Transforming Translation Data Into Business Analytics: An Overview
Is data the new oil, the fuel of the future? If you agree with this, then the next question will inevitably be: Is data going to make you rich? Probably not. But it may help you improve your business performance if you learn how to put it to good use. To discover how, let’s enter the world of business analytics, and see what translation departments/agencies can do with their translation data.
What Are Business Analytics?
The term “business analytics” refers to all the skills, technologies, applications, and methods that allow you to measure the performance of your business in order to make informed decisions in the areas of marketing, human resources, finance, and operations. While not ignoring the importance of business intuition, luck, and chance, it is a truth now acknowledged that measurable data is vital in three respects: learning from errors by understanding what happened in the past and why, discerning what is happening now and why, and anticipating what could happen in the future and why.
Your business data is, therefore, a corporate asset that you can leverage to seek a competitive advantage. It might be needless to say, but the benefits deriving from business analytics depend on the volume and the quality of your business data as well as on the skills of your analysts.
The field of business analytics is vast and complex. For now, let’s focus on two main areas. The first area is business intelligence, which refers to a company’s historical data needed to understand the performance over time of a department, a whole team or even a single staff member. The second area can be better described as a statistical analysis of business historical data to infer predictions about the future of a business, a product or a service.
Until few years ago, BA were considered a luxury destined only for medium-large companies. Nowadays, thanks mostly to new, more affordable technologies, business analytics are essential to companies of all sorts and sizes, and, if approached correctly, they can become a library of business knowledge. Banks can use business intelligence to streamline their operations, to bolster sales and marketing strategies and develop better customer service programs; to a supermarket, analytics provide information on stock and price optimization, most sold products and in which combinations, clients’ loyalty, etc.
Business Analytics for the Translation Industry
Where is the data in the translation industry? Everywhere, from translation memories (the so-called language data) to project data, which entails not only the basic project data, but also data about marketing/sales, bookkeeping, human resources (from project managers to terminologists, from language leads to translators and proofreaders). Let’s see what you can measure using this data in order to identify the areas of excellence and those with room for improvement.
Starting with your human resources, you might want to track things like:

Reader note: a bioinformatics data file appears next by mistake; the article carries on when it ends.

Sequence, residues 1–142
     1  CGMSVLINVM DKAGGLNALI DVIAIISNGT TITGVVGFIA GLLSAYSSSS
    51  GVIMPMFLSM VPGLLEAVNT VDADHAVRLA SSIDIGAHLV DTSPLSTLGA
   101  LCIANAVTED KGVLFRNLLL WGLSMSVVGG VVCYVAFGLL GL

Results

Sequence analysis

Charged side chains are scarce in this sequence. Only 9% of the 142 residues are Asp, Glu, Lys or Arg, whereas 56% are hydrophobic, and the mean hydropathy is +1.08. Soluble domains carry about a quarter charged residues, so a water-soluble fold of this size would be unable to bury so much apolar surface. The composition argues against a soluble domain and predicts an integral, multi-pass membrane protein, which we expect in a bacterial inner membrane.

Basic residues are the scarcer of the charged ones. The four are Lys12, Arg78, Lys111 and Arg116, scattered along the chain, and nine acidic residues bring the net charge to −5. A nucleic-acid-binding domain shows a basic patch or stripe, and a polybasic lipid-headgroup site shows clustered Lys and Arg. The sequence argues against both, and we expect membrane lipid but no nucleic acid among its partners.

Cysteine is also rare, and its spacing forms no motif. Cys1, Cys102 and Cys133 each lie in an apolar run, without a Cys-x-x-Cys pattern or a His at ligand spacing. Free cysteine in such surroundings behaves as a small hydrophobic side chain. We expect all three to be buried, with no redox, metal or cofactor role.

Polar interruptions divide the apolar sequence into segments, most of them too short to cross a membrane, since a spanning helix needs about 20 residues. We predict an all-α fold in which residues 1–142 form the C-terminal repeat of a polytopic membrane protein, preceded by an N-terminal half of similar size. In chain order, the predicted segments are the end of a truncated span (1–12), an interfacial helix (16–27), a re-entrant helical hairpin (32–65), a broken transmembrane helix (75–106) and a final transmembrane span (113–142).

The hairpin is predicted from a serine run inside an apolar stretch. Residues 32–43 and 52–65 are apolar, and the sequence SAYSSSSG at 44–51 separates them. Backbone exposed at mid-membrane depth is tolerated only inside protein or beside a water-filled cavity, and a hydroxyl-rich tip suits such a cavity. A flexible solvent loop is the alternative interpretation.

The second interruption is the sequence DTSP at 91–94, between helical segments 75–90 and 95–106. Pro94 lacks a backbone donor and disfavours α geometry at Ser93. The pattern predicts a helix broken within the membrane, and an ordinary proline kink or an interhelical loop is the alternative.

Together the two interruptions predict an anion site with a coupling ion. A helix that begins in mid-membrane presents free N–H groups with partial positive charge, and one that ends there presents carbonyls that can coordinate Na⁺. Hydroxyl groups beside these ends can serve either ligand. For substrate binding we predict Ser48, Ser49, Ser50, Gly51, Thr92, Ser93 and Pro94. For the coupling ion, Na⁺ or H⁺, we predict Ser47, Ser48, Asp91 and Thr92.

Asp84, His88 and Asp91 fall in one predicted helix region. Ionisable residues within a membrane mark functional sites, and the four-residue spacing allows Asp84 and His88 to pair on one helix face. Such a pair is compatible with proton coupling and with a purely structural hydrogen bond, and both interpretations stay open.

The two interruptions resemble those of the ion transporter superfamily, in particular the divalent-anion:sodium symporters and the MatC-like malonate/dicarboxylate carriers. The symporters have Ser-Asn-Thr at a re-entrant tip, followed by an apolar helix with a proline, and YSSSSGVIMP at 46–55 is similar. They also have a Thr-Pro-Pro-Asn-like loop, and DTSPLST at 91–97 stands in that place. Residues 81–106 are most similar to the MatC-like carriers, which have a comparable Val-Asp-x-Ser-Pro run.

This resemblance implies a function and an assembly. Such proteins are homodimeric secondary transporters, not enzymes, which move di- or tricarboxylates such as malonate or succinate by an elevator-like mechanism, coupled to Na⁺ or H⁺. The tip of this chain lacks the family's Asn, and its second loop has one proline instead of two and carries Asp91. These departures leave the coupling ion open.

- The time it takes for a freelance translator to reply to job assignments.
- The average volume a translator (in-house or freelance) can translate per day/week/month.
- Turn-around times.
- The ratings provided from project managers and/or clients.
- Project managers who deliver on schedule, handle more volume, or deliver the most profitable projects.
You could go a step forward and conduct an analysis of your clients to shortlist the ones with the biggest volumes; the number of interpretation/translation/certified translation jobs per language combination; the rating submitted by the clients per project or per manager; the number of projects successfully delivered for each client; or the number of reworks.
When it comes to language data, you could focus on the leveraging rates, i.e the pre-translation rates, the volumes and the quality of text pre-translated either with machine translation or in context with translation memories, and so on.
Business Analytics and Technology
To be honest, businesses have been looking at data for forever. Before the internet, log books and customer accounts containing very important data points were maintained manually. Companies using this data were limited in their analysis simply because technology wasn’t up to speed.
Nowadays, there are many BA tools available on the market, some are even available for free and Excel-based. But, as a translation department/agency, make sure that these tools can be integrated in your translation management platform; better still, your translation management platform should already offer business analytics and business report functionalities.
The flexibility of your translation management system is, as always, key. The above-mentioned analytics are only suggestions to help you get started. Once you’ve scrutinized your core business and processes, and after you’ve allocated the necessary resources, you’ll want to develop your own analytics to create your business knowledge library, measure your business performance, collect strategic insights and make your own predictions.
Stay tuned for our upcoming post, where we’ll discuss how to turn your business analytics into key performance indicators to track your medium and long-term business goals.